inevitably be lost. Hearing will be preserved if both waves remain unaffected.
The most extensive experience with brainstem and cranial nerve monitoring has come from procedures involving the CPA. Various sensory and motor functions of the cranial nerves can be monitored in an attempt to preserve function or to assist intraoperative decision making. As previously, sensory nerves are typically monitored with evoked potentials and motor nerves with EMG recordings. The theoretical rationale for monitoring spontaneous EMG activity relies on the property that thermal, mechanical or metabolic irritation of the intracranial portion of a cranial motor nerve will lead to a predictable and measurable activity in the innervated muscle.
Logistically, intraoperative EMG monitoring of muscles innervated by the various cranial nerves is relatively simple. Needle insertion into the appropriate muscle is preferable to surface electrode placement for increasing the sensitivity and specificity of the system. Intramuscular electrodes increase the sensitivity of detection for spontaneous EMG activity, while surface electrodes are more appropriate for the assessment of compound muscle action potentials (CMAPs). Most systems amplify and convert the muscle action potential to audible signals that are immediately available to the surgical team. A variety of probes are available for the purposes of stimulation. Both constant current and constant voltage stimulation paradigms exist, and both have been used effectively and safely. Monopolar and bipolar stimulating electrodes are available, with the latter providing more focal stimulation. Finally, appropriate communication with the anesthesiologist is crucial, as EMG potentials will be abrogated by significant neuromuscular blockade.
The efficacy of facial nerve monitoring in reducing post-operative facial palsy during CPA tumor surgery is well established. Monitoring during vestibular schwannoma resection is particularly crucial, as up to 78% of these cases involve an impairment of the facial nerve. Facial nerve activity is usually recorded from the ipsilateral frontalis, orbicularis oculi, orbicu-
laris oris, and/or mentalis muscles. EMG responses have been classified as either spontaneous or evoked. Spontaneous activity is common with the onset of monitoring, generally characterized by low-amplitude, low-density unit potentials presenting as steady trains or small repetitive bursts. Evoked responses, which are more common, are further subdivided into three patterns. "Pulse patterns" result from purposeful stimulation of the facial nerve with the stimulating probe and have a frequency identical to that generated by the stimulator. A second response, the "burst pattern", results from mechanical, chemical or thermal stimuli. Such alterations of nerve firing occur soon after the inciting event, with the observed pattern consisting of short (<1 s) bursts of synchronous motor activity. The final type of activity, known as the train pattern, presents as groups of asynchronous discharges with durations of several minutes. These potentials may have a latency of seconds to minutes after the aggravating event occurs. Traction on the nerve is usually the causative event, but chemical or thermal irritation may also be responsible. Activity may also be seen if cold irrigation fluid is used. The train pattern is most concerning as an indicator of potential or current damage to the nerve; the effect is typically delayed and outlasts the stimulus that incited it.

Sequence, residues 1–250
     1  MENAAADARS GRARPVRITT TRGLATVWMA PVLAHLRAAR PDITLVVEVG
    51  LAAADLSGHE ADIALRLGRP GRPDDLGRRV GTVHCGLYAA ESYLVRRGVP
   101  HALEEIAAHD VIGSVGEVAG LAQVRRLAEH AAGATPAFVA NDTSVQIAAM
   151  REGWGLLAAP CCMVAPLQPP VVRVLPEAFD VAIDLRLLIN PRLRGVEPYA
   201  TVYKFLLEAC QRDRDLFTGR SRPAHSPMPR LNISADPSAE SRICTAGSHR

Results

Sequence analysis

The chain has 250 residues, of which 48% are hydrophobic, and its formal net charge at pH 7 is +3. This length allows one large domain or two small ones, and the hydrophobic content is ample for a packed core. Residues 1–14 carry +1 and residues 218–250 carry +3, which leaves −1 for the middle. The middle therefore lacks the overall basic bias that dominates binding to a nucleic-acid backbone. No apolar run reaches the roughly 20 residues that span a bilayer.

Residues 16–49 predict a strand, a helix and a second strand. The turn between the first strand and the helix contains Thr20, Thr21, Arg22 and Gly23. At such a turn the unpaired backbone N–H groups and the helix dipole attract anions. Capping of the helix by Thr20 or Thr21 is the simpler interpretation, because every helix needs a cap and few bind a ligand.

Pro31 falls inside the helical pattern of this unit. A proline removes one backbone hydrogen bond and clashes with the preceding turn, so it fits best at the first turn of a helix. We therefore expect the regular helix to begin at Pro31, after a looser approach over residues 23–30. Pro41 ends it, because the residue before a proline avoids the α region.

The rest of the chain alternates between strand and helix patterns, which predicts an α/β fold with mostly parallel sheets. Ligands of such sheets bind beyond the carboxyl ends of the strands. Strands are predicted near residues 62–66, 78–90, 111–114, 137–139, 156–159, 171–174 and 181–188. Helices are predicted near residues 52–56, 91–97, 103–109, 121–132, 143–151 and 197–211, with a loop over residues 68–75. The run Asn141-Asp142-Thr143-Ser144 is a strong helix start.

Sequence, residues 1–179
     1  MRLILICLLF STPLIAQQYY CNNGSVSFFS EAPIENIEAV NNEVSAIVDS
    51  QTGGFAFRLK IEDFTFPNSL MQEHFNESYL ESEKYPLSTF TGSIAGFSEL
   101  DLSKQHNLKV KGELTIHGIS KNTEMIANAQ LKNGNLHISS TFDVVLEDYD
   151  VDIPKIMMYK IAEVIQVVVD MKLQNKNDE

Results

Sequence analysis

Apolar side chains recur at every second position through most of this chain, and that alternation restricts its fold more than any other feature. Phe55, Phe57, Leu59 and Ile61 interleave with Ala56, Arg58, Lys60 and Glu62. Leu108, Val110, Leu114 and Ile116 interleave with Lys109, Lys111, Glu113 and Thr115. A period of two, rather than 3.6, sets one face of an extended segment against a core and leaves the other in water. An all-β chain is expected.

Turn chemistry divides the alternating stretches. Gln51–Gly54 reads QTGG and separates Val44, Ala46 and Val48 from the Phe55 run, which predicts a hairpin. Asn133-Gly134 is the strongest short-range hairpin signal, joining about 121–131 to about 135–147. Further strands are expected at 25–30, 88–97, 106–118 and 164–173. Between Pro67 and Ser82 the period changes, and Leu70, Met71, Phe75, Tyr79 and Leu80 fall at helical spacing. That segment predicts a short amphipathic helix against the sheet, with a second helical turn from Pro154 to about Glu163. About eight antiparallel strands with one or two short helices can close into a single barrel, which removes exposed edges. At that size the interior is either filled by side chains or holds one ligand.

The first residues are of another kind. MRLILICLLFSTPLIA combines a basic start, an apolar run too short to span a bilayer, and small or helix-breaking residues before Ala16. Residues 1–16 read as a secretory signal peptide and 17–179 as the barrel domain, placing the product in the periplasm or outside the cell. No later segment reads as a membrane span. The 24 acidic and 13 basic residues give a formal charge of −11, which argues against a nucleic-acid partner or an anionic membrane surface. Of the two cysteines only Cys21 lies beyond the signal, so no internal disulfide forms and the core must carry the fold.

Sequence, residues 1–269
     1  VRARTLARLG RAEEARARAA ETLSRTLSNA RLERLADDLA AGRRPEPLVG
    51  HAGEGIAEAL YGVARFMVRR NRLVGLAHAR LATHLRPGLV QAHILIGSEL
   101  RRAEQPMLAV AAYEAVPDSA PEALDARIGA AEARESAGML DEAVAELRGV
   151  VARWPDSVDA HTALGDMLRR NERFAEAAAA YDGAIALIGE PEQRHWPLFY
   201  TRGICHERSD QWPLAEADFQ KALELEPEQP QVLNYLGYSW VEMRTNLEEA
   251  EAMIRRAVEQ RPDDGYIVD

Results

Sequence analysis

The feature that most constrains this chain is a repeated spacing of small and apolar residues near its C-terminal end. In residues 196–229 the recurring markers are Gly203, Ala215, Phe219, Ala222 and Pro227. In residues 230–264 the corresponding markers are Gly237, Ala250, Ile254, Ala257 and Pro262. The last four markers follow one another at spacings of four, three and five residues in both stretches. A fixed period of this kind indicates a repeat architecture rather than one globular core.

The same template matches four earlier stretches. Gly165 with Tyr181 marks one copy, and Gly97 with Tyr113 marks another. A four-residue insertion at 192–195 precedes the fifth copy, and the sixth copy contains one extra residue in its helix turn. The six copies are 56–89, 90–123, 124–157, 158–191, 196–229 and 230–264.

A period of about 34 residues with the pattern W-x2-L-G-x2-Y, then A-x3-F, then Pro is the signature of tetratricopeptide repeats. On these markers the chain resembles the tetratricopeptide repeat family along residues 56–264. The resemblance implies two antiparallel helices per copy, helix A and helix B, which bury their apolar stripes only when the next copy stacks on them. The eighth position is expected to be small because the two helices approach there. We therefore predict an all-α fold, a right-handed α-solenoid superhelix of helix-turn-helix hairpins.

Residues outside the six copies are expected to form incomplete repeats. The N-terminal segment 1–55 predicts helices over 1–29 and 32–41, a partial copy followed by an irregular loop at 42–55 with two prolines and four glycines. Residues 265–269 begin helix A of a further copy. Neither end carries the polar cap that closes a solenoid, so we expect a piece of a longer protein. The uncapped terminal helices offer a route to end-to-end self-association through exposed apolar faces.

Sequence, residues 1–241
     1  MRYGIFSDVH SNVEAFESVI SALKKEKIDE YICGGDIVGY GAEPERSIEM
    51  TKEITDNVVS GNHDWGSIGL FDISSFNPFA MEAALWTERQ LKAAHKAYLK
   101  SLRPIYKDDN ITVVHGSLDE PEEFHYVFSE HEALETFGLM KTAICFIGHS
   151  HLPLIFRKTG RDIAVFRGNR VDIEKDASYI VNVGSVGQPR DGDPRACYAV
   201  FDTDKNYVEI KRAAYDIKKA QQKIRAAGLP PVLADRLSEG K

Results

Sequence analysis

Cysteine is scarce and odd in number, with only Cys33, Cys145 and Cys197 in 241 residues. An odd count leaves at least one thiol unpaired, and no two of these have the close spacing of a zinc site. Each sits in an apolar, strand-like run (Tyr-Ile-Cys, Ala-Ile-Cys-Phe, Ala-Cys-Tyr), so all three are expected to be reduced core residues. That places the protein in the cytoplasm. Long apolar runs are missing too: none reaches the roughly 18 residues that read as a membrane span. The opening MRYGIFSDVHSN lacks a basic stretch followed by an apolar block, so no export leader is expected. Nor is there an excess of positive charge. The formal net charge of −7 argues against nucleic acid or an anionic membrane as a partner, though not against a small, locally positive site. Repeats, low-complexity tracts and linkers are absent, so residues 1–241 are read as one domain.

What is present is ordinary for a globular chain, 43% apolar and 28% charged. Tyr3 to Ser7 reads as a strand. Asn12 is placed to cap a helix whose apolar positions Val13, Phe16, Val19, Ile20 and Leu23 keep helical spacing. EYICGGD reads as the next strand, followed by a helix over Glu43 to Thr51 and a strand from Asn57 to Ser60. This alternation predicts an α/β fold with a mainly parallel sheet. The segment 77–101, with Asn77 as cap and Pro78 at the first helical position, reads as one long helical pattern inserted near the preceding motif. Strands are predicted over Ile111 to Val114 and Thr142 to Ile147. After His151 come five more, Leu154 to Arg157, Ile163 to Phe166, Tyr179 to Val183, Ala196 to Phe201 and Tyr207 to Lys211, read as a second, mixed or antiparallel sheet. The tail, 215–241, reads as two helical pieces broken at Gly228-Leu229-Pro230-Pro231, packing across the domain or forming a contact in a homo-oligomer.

Post-operative function of the facial nerve can be predicted based on stimulation studies performed prior to wound closure. Inability to produce facial motion with high current stimulation is predictive of post-operative paralysis. When stimulation of more than 3.0 mA in a constant voltage setting is required to produce facial movement, post-operative palsy of the seventh cranial nerve is expected. However, potential for recovery exists if the nerve is intact. Good movement induced by 0.05-0.2 mA at the brainstem has been correlated with normal or minimal paresis of the facial nerve. Using a constant current setting, elevation of stimulus threshold to 0.2 or 0.3 V following the procedure is usually associated with good postoperative function of the nerve. However, threshold potentials greater than 0.3 V may be indicative of post-operative loss of function.
Antidromic stimulation of the facial nerve is also possible via the use of a hand-held electrode placed in the surgical field, with nerve stimulation at the stylomastoid foramen. This
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